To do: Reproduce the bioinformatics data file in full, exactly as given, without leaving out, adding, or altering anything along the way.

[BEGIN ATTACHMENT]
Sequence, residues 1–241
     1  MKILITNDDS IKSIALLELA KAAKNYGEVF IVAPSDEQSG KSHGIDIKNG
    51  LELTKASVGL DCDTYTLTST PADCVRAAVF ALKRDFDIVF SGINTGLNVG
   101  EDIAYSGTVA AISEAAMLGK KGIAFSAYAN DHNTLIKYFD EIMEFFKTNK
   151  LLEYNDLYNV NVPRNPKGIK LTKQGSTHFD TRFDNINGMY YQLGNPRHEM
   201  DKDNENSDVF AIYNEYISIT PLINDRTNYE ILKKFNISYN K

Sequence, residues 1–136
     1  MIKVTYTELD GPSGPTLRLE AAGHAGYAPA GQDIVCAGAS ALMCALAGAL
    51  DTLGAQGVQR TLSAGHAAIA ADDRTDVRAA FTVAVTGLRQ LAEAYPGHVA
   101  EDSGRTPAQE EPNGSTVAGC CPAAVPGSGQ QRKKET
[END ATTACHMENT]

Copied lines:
Sequence, residues 1–241
     1  MKILITNDDS IKSIALLELA KAAKNYGEVF IVAPSDEQSG KSHGIDIKNG
    51  LELTKASVGL DCDTYTLTST PADCVRAAVF ALKRDFDIVF SGINTGLNVG
   101  EDIAYSGTVA AISEAAMLGK KGIAFSAYAN DHNTLIKYFD EIMEFFKTNK
   151  LLEYNDLYNV NVPRNPKGIK LTKQGSTHFD TRFDNINGMY YQLGNPRHEM
   201  DKDNENSDVF AIYNEYISIT PLINDRTNYE ILKKFNISYN K

Sequence, residues 1–136
     1  MIKVTYTELD GPSGPTLRLE AAGHAGYAPA GQDIVCAGAS ALMCALAGAL
    51  DTLGAQGVQR TLSAGHAAIA ADDRTDVRAA FTVAVTGLRQ LAEAYPGHVA
   101  EDSGRTPAQE EPNGSTVAGC CPAAVPGSGQ QRKKET